When sharp minds correct untruths on the Internet we must salute them. Today I salute Donovan Bramwell for clearing up the ‘Food bill makes sharing food illegal’ claim (it won’t). He spoke out on a terrible site whose domain I cannot utter here.  Quoted below in wonderful stream-of-consciousness-flow, we have the gem of truth every late night truth-seeker should stumble upon:

first, my qualifications: i am literate. i studied literature at the university and graduated magna cum laude with a bachelor of arts degree; i worked 18 years as a science/engineering writer/editor; i am a professional writer with experience in political writing.

i just now spent more time than i should have trying to sort this out. i reviewed S510 at the web site specified above, and i have come to the following tentative conclusions:

the World’s Prophecy article makes scary claims about the dangers of the bill without quoting a single phrase from the actual bill; i find this hugely offensive and irresponsible.

quoting the summary of the bill (as some of the reviewers above have done) is meaningless. the summary can say whatever it wants, and can easily consist of propaganda, and i believe that this particular summary does indeed consist of propaganda; the stuff that matters is in the text of the bill, not in the summary.

the snopes article cited above on this topic is not reliable. for one thing, the snopes article addresses HR875/S425, not S510, and though there are significant differences, i do not know what all of the differences are. snopes needs to revisit the topic and address the most recent version, which appears to be S510. snopes correctly discredits some outlandish claims about the dangers of the food safety modernization act, claims other than and more exaggerated than those made by the WP article above. however, snopes cites Rep. DeLauro’s myths and fact sheet for HR875, and i found the fact sheet to be plainly inaccurate in relation to S510. besides, Rep. DeLauro is the primary sponsor of the bill and clearly has a motive to promote it, disingenuously if need be. further, the snopes article fails to actually quote a single phrase from the bill that might actually support the claims of its opponents; such phrases do exist, even in HR875. Further, S510 includes provisions far more alarming to its opponents than any i was able to find in a quick review of HR875.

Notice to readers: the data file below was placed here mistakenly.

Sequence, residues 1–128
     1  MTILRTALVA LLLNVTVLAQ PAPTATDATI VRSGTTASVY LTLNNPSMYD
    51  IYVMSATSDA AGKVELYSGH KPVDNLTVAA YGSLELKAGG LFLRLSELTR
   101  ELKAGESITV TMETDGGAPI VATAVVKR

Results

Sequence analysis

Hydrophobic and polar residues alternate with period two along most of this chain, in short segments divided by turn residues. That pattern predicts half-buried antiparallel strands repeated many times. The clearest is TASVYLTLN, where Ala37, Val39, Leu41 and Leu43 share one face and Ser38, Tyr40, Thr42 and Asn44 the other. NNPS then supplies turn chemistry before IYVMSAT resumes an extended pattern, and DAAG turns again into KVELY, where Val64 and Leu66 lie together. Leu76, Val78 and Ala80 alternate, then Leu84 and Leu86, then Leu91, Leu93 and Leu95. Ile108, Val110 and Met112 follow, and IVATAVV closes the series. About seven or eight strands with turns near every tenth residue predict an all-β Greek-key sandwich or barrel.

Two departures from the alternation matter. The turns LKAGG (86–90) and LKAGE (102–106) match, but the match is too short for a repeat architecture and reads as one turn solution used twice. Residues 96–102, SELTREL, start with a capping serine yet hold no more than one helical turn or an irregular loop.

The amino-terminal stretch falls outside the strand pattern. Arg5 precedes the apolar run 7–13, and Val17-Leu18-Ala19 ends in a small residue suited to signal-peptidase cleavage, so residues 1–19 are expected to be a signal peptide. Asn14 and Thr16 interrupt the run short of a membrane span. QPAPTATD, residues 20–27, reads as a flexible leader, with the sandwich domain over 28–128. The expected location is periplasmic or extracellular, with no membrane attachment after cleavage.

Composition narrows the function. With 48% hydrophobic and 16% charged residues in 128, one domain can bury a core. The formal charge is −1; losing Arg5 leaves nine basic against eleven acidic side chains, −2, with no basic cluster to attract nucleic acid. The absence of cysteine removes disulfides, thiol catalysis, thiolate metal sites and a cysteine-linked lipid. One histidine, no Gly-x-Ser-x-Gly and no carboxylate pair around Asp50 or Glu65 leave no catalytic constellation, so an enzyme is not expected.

S510 plainly gives a lot of authority to the bureaucrats to write new regulations. this phenomenon is always a problem to people who cherish their freedom, and concern in this regard is fully justified.